Of course by their nature if you're at the front of a strip mall you have no idea what's going on at the rear, and vice versa. An average strip-mall, at least in my area, is going to be around 50' or greater in depth and could be fairly narrow or very wide. Keep in mind that at these buildings, it is very often going to be impractical to walk around the building and check on the other side (as may be possible at say, a house fire).
With these things considered, my default incident organization at a strip-mall fire is probably going to look like this:
Division Alpha. Responsible for all companies entering through the front (of the main fire building only, exposures are separate). They are focused on the interior operations (our key benchmarks of fire, search, and extension) that they can reasonably and safely reach from the front. Depending on the size of the building, they may be able to fully cover the inside of the building, or only part of it.
Division Charlie. Responsible for all companies entering through the rear (of the main fire building only, exposures are separate). This may not always need to be established, but comes into play when companies entering through the front are not able to reach all the way to the back of the involved building.
Exposures Bravo-1, Bravo-2, Delta-1, Delta-2, etc. As necessary for attached exposures to the left and right of the main fire building. Same objectives as companies in the main fire building. Should it become necessary to have companies entering through the rear of the exposures as well, I would label them as Charlie/Bravo-1, Charlie/Delta-1, etc.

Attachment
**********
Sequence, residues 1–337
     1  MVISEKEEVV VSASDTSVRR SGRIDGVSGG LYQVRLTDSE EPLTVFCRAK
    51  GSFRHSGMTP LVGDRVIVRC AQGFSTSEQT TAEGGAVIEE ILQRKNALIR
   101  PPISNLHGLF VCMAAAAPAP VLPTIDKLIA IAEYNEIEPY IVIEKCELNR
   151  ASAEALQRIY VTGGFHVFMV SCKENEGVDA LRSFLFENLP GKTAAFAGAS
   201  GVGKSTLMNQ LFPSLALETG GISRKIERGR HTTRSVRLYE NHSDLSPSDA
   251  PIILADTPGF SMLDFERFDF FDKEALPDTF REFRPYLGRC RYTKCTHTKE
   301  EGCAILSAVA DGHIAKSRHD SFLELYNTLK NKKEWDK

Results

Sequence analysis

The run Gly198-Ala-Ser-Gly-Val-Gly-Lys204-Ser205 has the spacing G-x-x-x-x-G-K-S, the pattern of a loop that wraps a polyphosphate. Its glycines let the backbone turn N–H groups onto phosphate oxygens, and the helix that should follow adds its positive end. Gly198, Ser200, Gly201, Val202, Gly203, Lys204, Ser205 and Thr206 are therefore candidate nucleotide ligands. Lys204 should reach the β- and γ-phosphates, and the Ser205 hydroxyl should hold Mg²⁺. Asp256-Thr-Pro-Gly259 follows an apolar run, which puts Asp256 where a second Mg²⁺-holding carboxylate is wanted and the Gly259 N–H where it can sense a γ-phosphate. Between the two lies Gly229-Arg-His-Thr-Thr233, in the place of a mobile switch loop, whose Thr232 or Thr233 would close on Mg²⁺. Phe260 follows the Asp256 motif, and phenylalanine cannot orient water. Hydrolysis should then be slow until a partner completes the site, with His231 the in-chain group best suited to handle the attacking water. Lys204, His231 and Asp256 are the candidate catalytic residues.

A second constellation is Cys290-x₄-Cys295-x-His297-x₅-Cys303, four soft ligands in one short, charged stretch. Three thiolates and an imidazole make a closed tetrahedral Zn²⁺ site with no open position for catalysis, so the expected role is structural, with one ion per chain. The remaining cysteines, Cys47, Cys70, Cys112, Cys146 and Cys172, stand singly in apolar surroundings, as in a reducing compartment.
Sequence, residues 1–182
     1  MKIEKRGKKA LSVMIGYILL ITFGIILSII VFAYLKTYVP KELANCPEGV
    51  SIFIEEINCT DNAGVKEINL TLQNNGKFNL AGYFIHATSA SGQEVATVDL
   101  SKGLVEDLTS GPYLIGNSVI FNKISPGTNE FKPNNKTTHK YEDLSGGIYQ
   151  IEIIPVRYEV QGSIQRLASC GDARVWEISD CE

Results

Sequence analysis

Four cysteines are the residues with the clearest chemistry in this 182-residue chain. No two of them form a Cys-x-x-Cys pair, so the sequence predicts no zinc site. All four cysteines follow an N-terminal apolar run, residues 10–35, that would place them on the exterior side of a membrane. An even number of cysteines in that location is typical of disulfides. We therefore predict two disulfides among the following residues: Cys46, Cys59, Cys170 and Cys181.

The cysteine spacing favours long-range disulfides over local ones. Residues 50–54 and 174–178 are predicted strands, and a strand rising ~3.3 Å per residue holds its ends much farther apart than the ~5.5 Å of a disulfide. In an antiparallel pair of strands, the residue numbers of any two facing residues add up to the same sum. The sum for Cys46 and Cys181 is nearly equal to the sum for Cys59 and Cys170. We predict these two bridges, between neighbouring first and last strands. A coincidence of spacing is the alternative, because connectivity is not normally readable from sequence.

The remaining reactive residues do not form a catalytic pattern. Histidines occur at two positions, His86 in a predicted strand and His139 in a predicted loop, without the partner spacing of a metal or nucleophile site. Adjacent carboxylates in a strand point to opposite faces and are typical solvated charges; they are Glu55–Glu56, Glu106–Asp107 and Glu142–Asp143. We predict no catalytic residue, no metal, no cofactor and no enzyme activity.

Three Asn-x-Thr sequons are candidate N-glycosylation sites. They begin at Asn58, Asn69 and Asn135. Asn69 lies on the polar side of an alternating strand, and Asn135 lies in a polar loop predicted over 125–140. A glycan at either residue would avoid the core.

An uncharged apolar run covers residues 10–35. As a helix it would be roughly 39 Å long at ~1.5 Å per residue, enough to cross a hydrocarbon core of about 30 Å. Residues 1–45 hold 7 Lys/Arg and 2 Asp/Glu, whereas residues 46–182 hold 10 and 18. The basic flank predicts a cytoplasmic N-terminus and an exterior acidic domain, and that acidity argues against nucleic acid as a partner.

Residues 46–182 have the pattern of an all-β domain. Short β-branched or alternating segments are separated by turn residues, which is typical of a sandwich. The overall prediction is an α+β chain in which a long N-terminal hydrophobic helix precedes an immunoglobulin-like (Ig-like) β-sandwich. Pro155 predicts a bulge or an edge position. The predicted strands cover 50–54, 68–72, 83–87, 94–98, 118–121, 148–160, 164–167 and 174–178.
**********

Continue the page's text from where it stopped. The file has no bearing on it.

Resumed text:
Roof Division. If ventilation involves a flat roof, in my area that is often going to be a built up style construction. This often involves 1-2 full truck companies, who could be up there for the entire incident - especially if we end up with running fire in the cockloft or roofing material.
Vent Group? We have accounted for the interior operations in the fire building and exposures, and for extended operations on the roof. However there may be other ground level outside truck duties (window bars, egress, etc) that may need to be accomplished. These could be handled by just assigning more companies to the existing division supervisor, or it may be necessary to assign a Vent Group (what we usually call the crews performing outside truck functions, this does not mean they are only doing ventilation).
RIT Group. Responsible for rapid intervention / FAST duties on the fireground. At a good fire in a strip mall, I would recommend having more than one company on RIT (probably a mix of an engine and a truck or rescue). It is worth considering positioning some of the RIT in the front, and some at the rear. However from an organizational perspective I would probably keep both of those companies under the umbrella of one RIT group.
Building the Incident
How to build the incident specifically is going to depend on what you see when you arrive. How big is the building and what are it's construction / layout features? Where and what are the conditions that you see? Where do you forecast this incident is going to be in 20 minutes? There is much to consider and many variables.
However in most cases with a working fire in a middle of the unit strip-mall I'm going to start out planning for at least the need to operate in:
The primary fire building ("Division Alpha")
The exposure to the left ("Exposure Bravo-1")
The exposure to the right ("Exposure Delta-1")
The roof ("Roof Division")
Rapid intervention ("RIT Group")
Thus, my tactical worksheet may look something like this:
(more information on this tactical worksheet, and how we use it is also available in the Aggressive Command program. Contact us for more information)
There are a lot more factors than can be described in a blog post, or well in writing as opposed to conversation. Strip mall fires can be exceptionally hazardous, and can get ahead of you very quickly. Ensure that you have enough companies, are staying ahead of the incident tactically, and are keeping a tight track on the location and function of your companies.
Interested in learning more? Reach out to us for more information on our online, in-person, and hands-on classes on engine and truck operations, strategy and tactics, or command and control.